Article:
WASHINGTON - Disgraced former USA Gymnastics doctor Larry Nassar was sentenced to 40 to 175 years in prison on Wednesday for sexually abusing scores of young girls under the guise of medical treatment.
“I've just signed your death warrant,” Judge Rosemarie Aquilina said as she handed down the sentence after a week of gut-wrenching testimony by over 150 of Nassar's victims.
“You do not deserve to walk outside of a prison ever again,” the judge told the 54-year-old Nassar in a tense Lansing, Michigan, courtroom. “Anywhere you walk destruction will occur to those most vulnerable.”
Minutes ahead of the sentencing, Nassar apologised in court to his victims, who included Olympic gold-medal winners Simone Biles, Aly Raisman, Gabby Douglas and McKayla Maroney but also scores of female athletes at Michigan State University, where he worked.
“What I am feeling pales in comparison to the pain, trauma, and emotional destruction that all of you are feeling,” Nassar said, turning at several points to face his victims in court.
“There are no words to describe the depth and breadth of how sorry I am for what has occurred,” he said. More than 150 women and girls accused Nassar of a pattern of serial abuse dating back two decades.
The final woman to deliver a statement in court was Rachael Denhollander, the first to publicly accuse Nassar of abuse and file a police report against him.
Calling for the maximum sentence, she asked the judge: “How much is a little girl worth? How much is a young woman worth.” Denhollander said the “brazen sexual assault” upon her occurred when she was 15 years old and was carried out “with my own mother in the room,” unaware of what was going on. 'No white flag'
“I assured myself it must be fine because I could trust the adults around me,” Denhollander said. “Larry found sexual satisfaction in our suffering,” she added.
“I pray you experience the soul-crushing weight of guilt,” she told the slight, bespectacled Nassar, who was dressed in a blue jumpsuit with the words “Ingham County Jail” on the back.
Also speaking to Nassar, Sterling Riethman, 25, said: “This army you have created, we are 150 women strong and counting.
“And let me tell you, this army isn't going anywhere,” she said, addressing Nassar but also sporting authorities at USA Gymnastics (USAG), the US Olympic Committee (USOC) and Michigan State University.
“We are here to show you,” Riethman said, “there is no white flag to wave when it comes to protecting little girls and their futures.” Already sentenced to 60 years in prison on federal child pornography charges, Nassar pleaded guilty to 10 counts of criminal sexual conduct. He was sentenced Wednesday on seven of those counts, with a final additional sentence to be handed down late this month.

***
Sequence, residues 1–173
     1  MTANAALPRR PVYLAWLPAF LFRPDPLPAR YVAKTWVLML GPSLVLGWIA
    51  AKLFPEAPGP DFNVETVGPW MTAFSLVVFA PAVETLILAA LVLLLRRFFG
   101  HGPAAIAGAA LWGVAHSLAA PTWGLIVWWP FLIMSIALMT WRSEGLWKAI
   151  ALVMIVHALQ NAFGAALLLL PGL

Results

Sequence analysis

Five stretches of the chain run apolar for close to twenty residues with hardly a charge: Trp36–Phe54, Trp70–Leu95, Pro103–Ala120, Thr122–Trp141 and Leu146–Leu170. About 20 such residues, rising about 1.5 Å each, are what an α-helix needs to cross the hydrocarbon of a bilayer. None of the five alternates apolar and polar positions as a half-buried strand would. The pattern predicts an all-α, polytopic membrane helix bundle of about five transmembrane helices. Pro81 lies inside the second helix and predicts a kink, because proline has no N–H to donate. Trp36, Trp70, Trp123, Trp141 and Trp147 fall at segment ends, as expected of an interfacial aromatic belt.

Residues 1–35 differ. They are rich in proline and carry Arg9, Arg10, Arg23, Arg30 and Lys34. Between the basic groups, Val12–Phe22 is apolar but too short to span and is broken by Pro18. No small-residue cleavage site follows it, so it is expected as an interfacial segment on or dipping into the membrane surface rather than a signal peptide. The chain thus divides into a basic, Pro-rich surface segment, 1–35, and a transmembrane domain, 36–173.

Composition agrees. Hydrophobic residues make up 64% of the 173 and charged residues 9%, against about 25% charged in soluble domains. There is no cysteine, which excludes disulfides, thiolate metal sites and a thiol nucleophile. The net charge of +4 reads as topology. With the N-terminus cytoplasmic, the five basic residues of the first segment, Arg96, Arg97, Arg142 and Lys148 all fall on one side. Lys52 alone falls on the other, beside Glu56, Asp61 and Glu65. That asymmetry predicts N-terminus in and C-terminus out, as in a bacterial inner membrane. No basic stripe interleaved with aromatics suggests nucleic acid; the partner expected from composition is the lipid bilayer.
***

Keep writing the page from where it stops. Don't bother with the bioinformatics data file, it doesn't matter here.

Riethman thanked Judge Aquilina for opening up the sentencing phase of the trial to anyone who wished to share their experiences — in what turned into a cathartic experience for many survivors.
Parents spoke of the anguish of failing to protect their children from a predator, and women spoke of post-traumatic stress and deep emotional scars.
Olympic gold-medal winning gymnast Aly Raisman, confronting Nassar on Friday, echoed the words and feelings of many athletes.
“You are so sick. I can't even comprehend how angry I feel when I think of you,” Raisman said.
“Larry, you do realise now that we, this group of women you so heartlessly abused over such a long a period of time, are now a force and you are nothing.”
As victim after victim detailed Nassar's actions — they also slammed a lack of accountability among sporting institutions, with Raisman in particular demanding an independent probe of USA Gymnastics to find out how Nassar was able to abuse girls with impunity.
Three members of the USAG board of directors resigned on Monday, while John Geddert, a star coach who owns the Twistars gym, was suspended pending an investigation.
USAG also severed ties with the famed Karolyi Ranch — the Texas training facility once considered a breeding ground of champions — where Nassar reportedly had unfettered access to young girls.
Michigan State University is also feeling the heat: the body overseeing US collegiate sports, the NCAA, has opened an investigation after a report claimed MSU president Lou Anna Simon, athletics trainers, assistant coaches and others were long informed of misconduct claims against Nassar.
Nassar remained employed at the university until September 2016, when allegations against him were first made public by a newspaper.
MSU is now facing multiple lawsuits. Simon has resisted claims to resign, but the university has asked the state attorney general's office to investigate the school's handling of the case.